A lot of bulbs now have specific reflectors in them to provide a tight cone of light which also helps. Avoid placing this on the side of the terrarium as the dragons (especially the young) will climb on this.

Also avoid adding a cage over the light as, again, they’ll climb on it, and either way they end up with burns. Instead, mount it from the ceiling of your setup.

Note: Because of the way bearded dragons sense heat, this is why you should never, ever, under any circumstances use anything that provides heat from underneath the beardie such as a heat rock or heat mat as they can’t tell how hot it is and will burn themselves.

The “Cool Side”

A bearded dragon tank must have a “cool side”. Providing a spot for your bearded dragon to escape the heat and cool down can help them control their body temperature.

bearded-dragon-cool-side

Note: The temperature in the basking zone (hot end) should be somewhere between 100 to 110F, in the cooler end, you need to ensure that the temp is at about 80-90°F for them to cool down in.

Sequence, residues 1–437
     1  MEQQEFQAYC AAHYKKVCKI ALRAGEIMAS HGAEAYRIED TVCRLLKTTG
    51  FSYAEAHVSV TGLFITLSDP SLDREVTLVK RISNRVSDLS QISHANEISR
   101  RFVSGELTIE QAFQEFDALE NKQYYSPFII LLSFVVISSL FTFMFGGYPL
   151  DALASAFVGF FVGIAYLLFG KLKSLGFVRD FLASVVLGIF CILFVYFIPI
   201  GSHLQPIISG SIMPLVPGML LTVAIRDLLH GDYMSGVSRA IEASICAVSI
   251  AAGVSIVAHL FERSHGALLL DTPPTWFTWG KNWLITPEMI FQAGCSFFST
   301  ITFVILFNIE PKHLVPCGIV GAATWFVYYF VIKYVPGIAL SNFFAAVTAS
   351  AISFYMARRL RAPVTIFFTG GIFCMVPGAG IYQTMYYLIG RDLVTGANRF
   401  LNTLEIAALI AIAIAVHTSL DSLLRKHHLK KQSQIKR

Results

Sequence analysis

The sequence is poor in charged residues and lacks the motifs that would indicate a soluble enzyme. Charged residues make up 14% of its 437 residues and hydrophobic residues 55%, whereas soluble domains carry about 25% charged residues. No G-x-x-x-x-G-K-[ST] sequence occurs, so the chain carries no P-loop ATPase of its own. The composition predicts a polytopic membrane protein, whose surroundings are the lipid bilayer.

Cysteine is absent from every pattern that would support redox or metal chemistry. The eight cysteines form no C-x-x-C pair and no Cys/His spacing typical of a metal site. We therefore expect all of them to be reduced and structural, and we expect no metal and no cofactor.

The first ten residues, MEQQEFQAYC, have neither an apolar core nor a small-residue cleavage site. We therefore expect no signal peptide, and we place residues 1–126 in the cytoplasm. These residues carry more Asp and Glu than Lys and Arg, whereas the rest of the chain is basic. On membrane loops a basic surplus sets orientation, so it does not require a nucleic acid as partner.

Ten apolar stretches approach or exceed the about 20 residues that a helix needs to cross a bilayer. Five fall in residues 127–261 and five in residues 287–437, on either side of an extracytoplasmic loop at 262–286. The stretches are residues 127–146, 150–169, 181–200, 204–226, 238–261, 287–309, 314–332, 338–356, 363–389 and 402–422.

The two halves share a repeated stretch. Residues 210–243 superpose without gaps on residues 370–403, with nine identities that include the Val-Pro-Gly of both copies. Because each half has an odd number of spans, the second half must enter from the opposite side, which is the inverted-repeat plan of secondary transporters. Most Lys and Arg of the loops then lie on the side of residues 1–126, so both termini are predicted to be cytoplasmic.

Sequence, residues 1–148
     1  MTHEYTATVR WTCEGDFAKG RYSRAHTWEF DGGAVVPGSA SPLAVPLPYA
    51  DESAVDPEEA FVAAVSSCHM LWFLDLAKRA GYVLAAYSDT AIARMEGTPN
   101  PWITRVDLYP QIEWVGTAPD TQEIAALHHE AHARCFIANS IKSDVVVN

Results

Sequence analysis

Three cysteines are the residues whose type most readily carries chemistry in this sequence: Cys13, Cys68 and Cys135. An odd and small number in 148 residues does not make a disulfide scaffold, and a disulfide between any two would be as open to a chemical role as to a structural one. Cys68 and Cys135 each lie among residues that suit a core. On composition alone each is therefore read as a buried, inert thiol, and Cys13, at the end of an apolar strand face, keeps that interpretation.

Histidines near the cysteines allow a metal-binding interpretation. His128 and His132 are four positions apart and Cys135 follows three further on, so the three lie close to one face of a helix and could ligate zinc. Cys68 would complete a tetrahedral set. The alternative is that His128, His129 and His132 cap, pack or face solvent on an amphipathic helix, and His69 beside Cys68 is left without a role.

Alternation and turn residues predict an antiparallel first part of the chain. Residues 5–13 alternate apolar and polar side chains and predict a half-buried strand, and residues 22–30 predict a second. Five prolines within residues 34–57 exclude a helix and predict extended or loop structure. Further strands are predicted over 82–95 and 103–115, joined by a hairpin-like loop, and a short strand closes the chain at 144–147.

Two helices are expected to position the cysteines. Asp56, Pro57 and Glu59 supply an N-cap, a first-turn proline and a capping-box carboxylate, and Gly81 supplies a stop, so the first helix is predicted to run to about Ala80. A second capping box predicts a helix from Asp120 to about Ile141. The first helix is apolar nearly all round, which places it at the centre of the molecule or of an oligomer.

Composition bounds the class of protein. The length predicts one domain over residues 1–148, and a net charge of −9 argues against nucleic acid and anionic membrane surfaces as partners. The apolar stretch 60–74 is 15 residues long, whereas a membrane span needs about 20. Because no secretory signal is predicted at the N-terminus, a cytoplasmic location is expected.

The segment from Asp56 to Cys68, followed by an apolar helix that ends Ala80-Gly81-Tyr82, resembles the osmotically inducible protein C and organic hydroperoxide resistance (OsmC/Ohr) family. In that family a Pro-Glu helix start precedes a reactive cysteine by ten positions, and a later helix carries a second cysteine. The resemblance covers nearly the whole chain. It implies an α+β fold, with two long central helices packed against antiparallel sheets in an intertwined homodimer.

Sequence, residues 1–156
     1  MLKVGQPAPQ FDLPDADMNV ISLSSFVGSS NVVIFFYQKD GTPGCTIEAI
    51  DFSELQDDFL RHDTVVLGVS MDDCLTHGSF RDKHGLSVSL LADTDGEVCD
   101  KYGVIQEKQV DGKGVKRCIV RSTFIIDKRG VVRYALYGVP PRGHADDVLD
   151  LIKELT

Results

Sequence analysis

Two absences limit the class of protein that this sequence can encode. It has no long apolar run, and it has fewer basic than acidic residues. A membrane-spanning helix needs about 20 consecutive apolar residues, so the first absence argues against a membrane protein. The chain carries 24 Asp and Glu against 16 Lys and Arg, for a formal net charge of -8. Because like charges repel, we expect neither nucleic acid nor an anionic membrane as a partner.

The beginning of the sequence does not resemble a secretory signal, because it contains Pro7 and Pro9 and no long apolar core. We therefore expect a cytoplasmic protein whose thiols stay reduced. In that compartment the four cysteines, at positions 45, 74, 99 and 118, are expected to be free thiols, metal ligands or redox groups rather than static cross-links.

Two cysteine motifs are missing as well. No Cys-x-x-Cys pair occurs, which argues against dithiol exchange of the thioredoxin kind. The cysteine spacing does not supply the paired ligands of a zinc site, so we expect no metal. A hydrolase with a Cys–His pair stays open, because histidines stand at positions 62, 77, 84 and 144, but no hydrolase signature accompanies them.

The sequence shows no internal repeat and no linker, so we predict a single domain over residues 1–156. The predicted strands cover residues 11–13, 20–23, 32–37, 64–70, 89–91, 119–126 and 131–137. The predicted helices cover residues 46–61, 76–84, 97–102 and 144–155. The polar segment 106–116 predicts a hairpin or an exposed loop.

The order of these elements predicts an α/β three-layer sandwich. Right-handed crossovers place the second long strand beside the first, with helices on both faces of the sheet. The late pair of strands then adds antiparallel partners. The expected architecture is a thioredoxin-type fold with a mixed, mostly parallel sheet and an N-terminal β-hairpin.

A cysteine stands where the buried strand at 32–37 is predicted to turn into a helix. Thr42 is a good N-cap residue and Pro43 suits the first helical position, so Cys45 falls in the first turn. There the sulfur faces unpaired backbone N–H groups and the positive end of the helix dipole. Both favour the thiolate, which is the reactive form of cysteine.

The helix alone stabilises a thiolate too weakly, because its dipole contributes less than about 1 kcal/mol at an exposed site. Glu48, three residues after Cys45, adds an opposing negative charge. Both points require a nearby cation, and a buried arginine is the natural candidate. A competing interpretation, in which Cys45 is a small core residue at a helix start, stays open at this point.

Bearded Dragons regulate their body temperature by moving between different temperate zones such as basking in the sun to hiding in the shade – they even gape (open their mouth) to let heat out.

That is why achieving a proper temperature gradient is important in any bearded dragon tank.

Do you need a light on the cool side? No. it’s not necessary. However, If your room is dark, it can be beneficial (since beardies tend to like visual light). It can also help increase their appetite.

If you do want to use a light on the cool side, we recommend using a simple household bulb. But make sure it doesn’t increase the temperature too high. You can also use an LED bulb as it doesnt produce too much heat.

A simple household bulb should be fine for the cool side lamp – just make sure it doesn’t bump the temperature up too high. If it does, try switching to an LED bulb as they put off much less heat.

Creating a Temperature Gradient

A proper lighting setup should have overlapping zones.

Creating a proper temperature gradient allows your bearded dragon to choose a comfortable temperature by moving in the tank.

bearded-dragon-temperature-gradient

You will still need some adjustments to achieve the right temperature gradient even if you buy all the best lights.

The easiest way to fine-tune the temperature inside the enclosure is by moving the lights up or down. The height of the bulbs has a direct impact on the temperature inside the tank.

Also, you can control temperature by the furnishings/decor in the enclosure and how you place the light in it, using a reflector to help reduce the area heated by the heat lamp.

Lighting at Night

Bearded dragons, like humans, don’t like bright lights when they’re sleeping. They prefer to sleep with no light at all.